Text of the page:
Marketers are liars.
You probably know this; or at least want to believe it.
Your network optimization company could be lying to you as well. Maybe just misleading you.
It’s unfortunate there is misinformation about how much you can improve your network and download speeds.
8X. 10X. 20X.
What do these numbers relate to? One can only assume the “X” refers to a multiplier. The problem is whether these improvement numbers are accurate.
CapitalOne has determined speed is its biggest concern. I am sure they realize they will not be able to increase that speed 20X. Especially when we are discussing network latency. Knocking down the Great Firewall of China will only get you about a 150 ms improvement in latency. And this is a known hindrance to network performance.
I will discuss what we can expect from network latency and how we measure network latency. Also, how we should report network latency improvements.
What is Current Network Latency?
When discussing network latency, anything over 200 ms is undesirable.
To begin, we can take a look at the Datapath.io network latency map below. The map is set for Amazon Web Services (AWS) global latency figures.
As we can see, latency is well below 200 ms for the AWS default route. To determine possible improvements, we need to understand the lowest possible latency. The limiting factor is the law of physics. The speed of light.
The Speed of Light Limits Network Latency
The lowest possible latency is going to be the speed of light. This is about 60 ms for the distance between Frankfurt and Washington D.C.. In our map above, the latency is about 109 ms, and the distance is about 6,500 KM.
Given this measurement, the greatest improvement we can see is a 45% improvement. That is less than a 2X improvement. This improvement is only realized if data is moving through the fastest possible route. Globally, improvements can be greater. In the instance of Europe to the United States there is the fastest fiber optic connection.
Given roughly the same geographical distance, we will look at a second location. That is Frankfurt to India. We can see below that latency to India is 179 ms. At optimal latency improvements of 60 ms, the improvement can only be 66.5%. Just under a 3X improvement.
Based on the global latency above, and our calculations, we can only expect a 60% improvement. That is with the fastest routes. Given this, we argue most networks will not allow for an improvement of 8X, 10X, or 20X.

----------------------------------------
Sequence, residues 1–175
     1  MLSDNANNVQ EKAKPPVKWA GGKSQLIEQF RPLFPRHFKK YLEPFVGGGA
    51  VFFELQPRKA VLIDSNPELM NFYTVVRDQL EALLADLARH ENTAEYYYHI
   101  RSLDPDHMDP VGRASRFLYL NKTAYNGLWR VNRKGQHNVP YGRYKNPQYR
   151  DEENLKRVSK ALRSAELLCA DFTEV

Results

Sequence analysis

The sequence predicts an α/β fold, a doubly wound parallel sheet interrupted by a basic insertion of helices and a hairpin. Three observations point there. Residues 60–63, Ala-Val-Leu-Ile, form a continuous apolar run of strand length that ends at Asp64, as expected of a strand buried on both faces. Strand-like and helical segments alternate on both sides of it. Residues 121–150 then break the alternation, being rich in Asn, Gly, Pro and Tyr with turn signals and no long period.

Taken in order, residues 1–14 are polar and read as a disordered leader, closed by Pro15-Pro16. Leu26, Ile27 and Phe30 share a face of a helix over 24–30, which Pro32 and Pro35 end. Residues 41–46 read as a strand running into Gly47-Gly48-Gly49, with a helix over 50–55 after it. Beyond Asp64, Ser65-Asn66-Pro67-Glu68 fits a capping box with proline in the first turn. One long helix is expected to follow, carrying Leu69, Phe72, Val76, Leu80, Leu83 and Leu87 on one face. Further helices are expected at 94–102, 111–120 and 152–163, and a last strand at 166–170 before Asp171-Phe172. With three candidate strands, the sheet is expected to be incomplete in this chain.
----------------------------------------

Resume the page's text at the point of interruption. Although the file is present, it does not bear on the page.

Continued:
How Should We Measure Network Latency?
Although expressing numbers in high multipliers is eye catching, it is unnecessary. To measure network latency improvements, we need to report accurately. In industries where latency is important, any improvement will be considered. Take the AdTech industry for example.
In a latency sensitive industry such as AdTech, an AdTech company cannot experience higher than 100 ms in latency. The reason is the RTB process will not consider an advertising bid which arrives in higher than 100 ms.
Thus, the improvements we see will be expressed in percentages. They are not in “X” improvements. The main reason is most AdTech companies already need to be operating under 100 ms. The greatest possible improvement cannot be a multiple.
Before making latency improvement measurements, we need to understand realistic starting latency measurements. Global latency of over 250 ms means your company is not utilizing a content delivery network (CDN).
If you are experiencing latencies of over 500 ms, then you are most likely sending traffic into the most rural areas of China, not utilizing a CDN, and have any number of potential barriers slowing your network.
The lie is how we report network latency improvements. Not how we measure network latency. Network improvements are important, essential, and well worth the investment. We need to manage expectations, and 20X is not realistic.
But hey, maybe we’re lying to you. After all, we are Marketers.
We discuss in detail how to determine latency benefits to your business in our eCommerce Whitepaper. Download your copy below.